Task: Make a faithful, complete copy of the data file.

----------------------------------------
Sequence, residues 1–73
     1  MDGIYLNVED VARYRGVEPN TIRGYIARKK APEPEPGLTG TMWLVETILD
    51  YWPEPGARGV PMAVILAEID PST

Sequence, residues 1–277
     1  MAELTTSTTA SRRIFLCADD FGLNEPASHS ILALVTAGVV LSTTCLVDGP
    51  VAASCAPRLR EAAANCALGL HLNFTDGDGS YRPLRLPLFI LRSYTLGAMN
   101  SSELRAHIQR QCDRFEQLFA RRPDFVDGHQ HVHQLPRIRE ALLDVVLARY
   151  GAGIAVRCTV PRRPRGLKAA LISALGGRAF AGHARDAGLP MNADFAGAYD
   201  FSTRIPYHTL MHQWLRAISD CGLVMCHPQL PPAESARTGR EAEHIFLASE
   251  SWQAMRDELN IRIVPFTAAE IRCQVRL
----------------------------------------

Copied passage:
Sequence, residues 1–73
     1  MDGIYLNVED VARYRGVEPN TIRGYIARKK APEPEPGLTG TMWLVETILD
    51  YWPEPGARGV PMAVILAEID PST

Sequence, residues 1–277
     1  MAELTTSTTA SRRIFLCADD FGLNEPASHS ILALVTAGVV LSTTCLVDGP
    51  VAASCAPRLR EAAANCALGL HLNFTDGDGS YRPLRLPLFI LRSYTLGAMN
   101  SSELRAHIQR QCDRFEQLFA RRPDFVDGHQ HVHQLPRIRE ALLDVVLARY
   151  GAGIAVRCTV PRRPRGLKAA LISALGGRAF AGHARDAGLP MNADFAGAYD
   201  FSTRIPYHTL MHQWLRAISD CGLVMCHPQL PPAESARTGR EAEHIFLASE
   251  SWQAMRDELN IRIVPFTAAE IRCQVRL